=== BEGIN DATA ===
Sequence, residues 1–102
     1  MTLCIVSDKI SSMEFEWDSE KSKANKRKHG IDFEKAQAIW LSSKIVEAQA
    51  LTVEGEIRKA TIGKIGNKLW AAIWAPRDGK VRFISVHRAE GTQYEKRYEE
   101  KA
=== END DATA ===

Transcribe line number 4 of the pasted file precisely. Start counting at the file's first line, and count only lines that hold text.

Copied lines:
   101  KA